Use of technology-assisted review and costs-shifting in US patent case has UK parallels

One of the main differences between the Federal Rules of Civil Procedure and the Civil Procedure Rules of England and Wales is that England and Wales is a costs-shifting jurisdiction by default. That means that the winner can expect to get a significant contribution to litigation costs from the loser. This, theoretically at least, acts as a brake on unnecessary expenditure because all parties have a contingent interest in the others’ costs.

Much of the focus of Lord Justice Jackson’s reforms has been on quantifying and controlling the recoverable costs – parties can spend what they like (as long as they do not run up unnecessary costs for opponents) but are limited in what they can recover if they win. Although the budgetary constraints envisaged by Lord Justice Jackson have been emasculated in part by judges reluctant to sully their hands with questions of costs, eDisclosure costs remain subject to tight control, with parties required to cooperate to limit the scope of disclosure, to agree the tools and techniques to be used and to estimate the costs of managing disclosure (see my recent article Costs management shambles defies parody but case management still has teeth on this).

The US has a more ambivalent approach to costs-shifting, with variations between states and a distinction drawn between lawyer fees and eDiscovery costs.  Judge Grimm suggested at Georgetown that we may see moves towards codification of the rules in a way which will put more parties at risk of having to pay their opponents’ costs, including (I assume) eDiscovery costs.

Discussion on the subject received a significant boost in a case called Gabriel Technologies Corp v Qualcomm Inc after which plaintiffs were ordered to pay $12 million in costs to the successful defendants. Of this, more than  $2.8 million was for a document review algorithm generated by H5. The court’s displeasure at the manner of running the case was shown by the fact that plaintiffs’ lawyers were sanctioned in a sum exceeding $64,000. H5’s article about it Note to Litigants: When Costs Shift, TAR Costs May Shift with Them is here.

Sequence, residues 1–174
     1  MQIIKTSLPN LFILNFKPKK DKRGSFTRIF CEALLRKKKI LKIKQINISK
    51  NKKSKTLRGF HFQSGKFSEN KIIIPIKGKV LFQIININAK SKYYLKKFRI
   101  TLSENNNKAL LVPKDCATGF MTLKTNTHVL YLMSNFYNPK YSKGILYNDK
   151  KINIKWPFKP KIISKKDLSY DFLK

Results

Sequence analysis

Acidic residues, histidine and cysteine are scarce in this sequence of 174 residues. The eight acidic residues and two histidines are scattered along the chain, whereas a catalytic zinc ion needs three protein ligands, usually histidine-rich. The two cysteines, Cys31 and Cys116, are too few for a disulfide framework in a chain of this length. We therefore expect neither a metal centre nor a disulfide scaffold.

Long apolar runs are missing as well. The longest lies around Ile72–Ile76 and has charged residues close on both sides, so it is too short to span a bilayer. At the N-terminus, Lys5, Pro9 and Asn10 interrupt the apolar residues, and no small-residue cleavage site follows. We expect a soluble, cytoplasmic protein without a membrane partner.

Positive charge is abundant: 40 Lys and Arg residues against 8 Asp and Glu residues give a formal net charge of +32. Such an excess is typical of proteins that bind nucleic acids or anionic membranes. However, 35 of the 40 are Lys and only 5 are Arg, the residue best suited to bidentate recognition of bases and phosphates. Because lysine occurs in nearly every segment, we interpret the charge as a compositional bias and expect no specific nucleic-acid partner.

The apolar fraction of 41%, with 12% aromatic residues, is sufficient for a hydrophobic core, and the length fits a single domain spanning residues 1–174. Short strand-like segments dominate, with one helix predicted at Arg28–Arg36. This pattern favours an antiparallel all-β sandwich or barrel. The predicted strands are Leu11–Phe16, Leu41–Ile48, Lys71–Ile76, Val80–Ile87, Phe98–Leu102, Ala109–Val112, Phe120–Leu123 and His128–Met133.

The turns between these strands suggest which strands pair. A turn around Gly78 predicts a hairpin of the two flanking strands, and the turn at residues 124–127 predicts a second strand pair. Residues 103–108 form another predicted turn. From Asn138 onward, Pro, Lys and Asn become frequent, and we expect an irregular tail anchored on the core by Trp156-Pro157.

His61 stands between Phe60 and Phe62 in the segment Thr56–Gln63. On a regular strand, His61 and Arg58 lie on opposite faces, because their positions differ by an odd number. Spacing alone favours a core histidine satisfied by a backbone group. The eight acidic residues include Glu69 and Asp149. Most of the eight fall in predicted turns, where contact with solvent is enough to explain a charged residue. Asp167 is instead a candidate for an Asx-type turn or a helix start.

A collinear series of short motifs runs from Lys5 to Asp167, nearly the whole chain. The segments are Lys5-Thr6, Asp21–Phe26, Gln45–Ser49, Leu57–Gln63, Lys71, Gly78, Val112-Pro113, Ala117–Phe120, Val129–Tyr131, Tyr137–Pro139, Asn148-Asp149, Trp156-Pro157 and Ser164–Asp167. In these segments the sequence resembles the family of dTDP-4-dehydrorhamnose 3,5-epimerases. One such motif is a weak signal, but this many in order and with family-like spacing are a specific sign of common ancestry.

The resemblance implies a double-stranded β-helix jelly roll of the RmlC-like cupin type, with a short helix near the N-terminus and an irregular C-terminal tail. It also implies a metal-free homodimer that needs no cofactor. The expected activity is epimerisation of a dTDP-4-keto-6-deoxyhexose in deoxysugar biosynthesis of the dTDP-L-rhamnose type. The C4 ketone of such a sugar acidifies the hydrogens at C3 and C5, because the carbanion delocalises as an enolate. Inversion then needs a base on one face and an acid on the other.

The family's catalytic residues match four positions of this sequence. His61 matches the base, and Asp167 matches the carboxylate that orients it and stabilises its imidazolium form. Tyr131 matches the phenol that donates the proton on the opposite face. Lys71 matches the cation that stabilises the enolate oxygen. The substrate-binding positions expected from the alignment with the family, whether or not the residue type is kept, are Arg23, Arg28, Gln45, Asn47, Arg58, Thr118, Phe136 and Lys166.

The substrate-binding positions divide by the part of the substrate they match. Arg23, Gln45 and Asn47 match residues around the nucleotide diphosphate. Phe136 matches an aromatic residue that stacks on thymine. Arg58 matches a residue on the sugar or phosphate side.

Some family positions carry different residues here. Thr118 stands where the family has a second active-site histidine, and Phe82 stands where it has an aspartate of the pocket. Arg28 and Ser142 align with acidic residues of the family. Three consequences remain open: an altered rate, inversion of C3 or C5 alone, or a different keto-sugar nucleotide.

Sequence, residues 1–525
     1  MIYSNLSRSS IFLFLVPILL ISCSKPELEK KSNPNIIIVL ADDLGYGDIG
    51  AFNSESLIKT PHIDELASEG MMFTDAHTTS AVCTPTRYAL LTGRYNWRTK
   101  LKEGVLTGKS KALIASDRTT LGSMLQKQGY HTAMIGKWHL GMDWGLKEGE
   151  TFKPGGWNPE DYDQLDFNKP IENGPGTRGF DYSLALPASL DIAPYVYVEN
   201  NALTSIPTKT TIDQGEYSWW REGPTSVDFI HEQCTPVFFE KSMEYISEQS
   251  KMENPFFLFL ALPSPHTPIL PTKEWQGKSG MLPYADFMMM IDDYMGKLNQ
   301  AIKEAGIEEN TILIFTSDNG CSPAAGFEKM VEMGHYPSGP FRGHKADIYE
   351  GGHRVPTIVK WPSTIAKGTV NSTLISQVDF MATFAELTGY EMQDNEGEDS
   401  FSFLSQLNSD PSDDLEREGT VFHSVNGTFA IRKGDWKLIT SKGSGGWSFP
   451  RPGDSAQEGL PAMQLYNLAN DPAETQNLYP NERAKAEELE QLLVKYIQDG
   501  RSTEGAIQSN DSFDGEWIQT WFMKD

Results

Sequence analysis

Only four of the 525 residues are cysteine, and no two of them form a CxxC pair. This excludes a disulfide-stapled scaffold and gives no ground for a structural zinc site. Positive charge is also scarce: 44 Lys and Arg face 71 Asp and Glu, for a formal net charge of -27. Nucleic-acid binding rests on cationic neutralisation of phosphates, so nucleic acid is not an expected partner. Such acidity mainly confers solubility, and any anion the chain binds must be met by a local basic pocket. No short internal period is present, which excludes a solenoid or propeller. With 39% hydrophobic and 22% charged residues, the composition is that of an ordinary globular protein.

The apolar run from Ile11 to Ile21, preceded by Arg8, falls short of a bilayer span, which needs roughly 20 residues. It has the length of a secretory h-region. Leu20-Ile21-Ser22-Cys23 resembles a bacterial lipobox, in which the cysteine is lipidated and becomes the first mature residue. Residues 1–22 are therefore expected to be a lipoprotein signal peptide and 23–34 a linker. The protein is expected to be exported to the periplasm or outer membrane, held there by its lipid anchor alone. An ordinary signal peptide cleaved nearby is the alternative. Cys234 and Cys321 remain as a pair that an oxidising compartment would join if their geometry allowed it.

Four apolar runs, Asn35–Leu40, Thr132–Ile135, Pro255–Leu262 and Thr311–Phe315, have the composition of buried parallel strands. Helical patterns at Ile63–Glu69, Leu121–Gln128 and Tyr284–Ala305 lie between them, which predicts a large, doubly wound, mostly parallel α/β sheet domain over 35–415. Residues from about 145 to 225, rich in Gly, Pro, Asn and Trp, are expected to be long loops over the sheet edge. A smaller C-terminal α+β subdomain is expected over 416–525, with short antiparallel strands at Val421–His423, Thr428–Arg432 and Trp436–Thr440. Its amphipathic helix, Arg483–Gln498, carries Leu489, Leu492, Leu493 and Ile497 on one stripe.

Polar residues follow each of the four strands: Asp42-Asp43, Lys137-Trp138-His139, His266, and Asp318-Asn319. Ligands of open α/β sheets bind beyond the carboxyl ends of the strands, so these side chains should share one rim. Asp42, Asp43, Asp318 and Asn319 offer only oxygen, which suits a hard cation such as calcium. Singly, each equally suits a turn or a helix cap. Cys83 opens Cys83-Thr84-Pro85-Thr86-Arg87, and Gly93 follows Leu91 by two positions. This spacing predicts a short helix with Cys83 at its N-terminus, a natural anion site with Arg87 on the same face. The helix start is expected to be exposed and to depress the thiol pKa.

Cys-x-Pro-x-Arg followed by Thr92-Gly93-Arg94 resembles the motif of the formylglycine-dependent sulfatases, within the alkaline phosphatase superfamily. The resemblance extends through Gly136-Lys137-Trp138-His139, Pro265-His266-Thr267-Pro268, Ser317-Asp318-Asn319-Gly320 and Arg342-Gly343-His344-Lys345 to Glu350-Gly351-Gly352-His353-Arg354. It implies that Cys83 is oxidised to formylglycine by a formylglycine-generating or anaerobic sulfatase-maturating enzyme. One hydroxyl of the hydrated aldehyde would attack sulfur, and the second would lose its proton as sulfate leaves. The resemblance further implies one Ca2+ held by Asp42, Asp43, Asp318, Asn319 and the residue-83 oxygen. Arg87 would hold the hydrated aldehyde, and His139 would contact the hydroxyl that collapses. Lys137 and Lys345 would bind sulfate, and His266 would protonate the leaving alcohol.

The claim for the algorithm was justified on the logical ground that the money spent on that substantially reduced the lawyer time and cost. The judge found…:

… [the] decision to undertake a more efficient and less time-consuming method of document review to be reasonable under the circumstances.  In this case, the nature of Plaintiffs’ claims resulted in significant discovery and document production, and [Defendants’ counsel] seemingly reduced the overall fees and attorney hours required by performing electronic document review at the outset.

The plaintiffs do not seem to have put up much of a fight on the question whether the costs of technology assisted review were properly payable nor on their quantum. Symantec’s Matthew Nelson, in an article called Breaking News: Over $12 million in Attorney Fees Awarded in Patent Case Involving Predictive Coding commented on the apparently high cost of H5’s algorithm, to which H5’s Mike Morneault commented, as one would expect, by reference to the savings.

This exchange between rival suppliers (Symantec too has a technology assisted review solution called Transparent Predictive Coding) emphasises something easily overlooked – that each provider, on each separate engagement, brings different contributions in a mixture of technology and services. If the lawyers – who are the customers in this situation – find this confusing, they should appreciate that this diversity is a strength, allowing them to choose a support team appropriate to the circumstances. Although we know the volumes involved here – 12 million documents to review – we do not know what the plaintiffs’ lawyers would have had to spend on the review if they had not been helped by H5’s algorithm – or by software from Symantec or anyone else. The point is that there are choices.

The case is important not just for the costs-shifting order per se (that is significant enough) but for the light it throws on things whch usually remain between client and lawyer.

Someone did some sums, presumably weighing one course against another, and calculating that the upfront cost of this particular TAR solution was worth spending relative to the objective and to other ways of dealing with the problem. That is what lawyers should be doing anyway, and the new rules in England & Wales will bring that evaluation out into the daylight, as first opponents and then the court get to share the results and to consider what is proportionate.

In the US case, there was (so far as we know) little or no cooperative discussion in advance of the TAR exercise. The UK rules will require that to happen upfront, implicating all parties and the judge in the decision-making.

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